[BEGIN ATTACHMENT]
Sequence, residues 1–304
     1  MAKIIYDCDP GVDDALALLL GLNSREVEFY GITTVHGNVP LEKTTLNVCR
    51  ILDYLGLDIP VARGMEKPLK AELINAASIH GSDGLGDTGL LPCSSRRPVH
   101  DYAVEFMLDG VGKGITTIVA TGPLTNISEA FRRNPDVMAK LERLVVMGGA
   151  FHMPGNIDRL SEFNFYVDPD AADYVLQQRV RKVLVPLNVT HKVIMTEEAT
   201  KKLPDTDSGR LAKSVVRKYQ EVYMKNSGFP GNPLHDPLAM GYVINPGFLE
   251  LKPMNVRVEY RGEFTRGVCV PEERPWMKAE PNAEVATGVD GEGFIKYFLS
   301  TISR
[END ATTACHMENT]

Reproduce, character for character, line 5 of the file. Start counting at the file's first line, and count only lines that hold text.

   151  FHMPGNIDRL SEFNFYVDPD AADYVLQQRV RKVLVPLNVT HKVIMTEEAT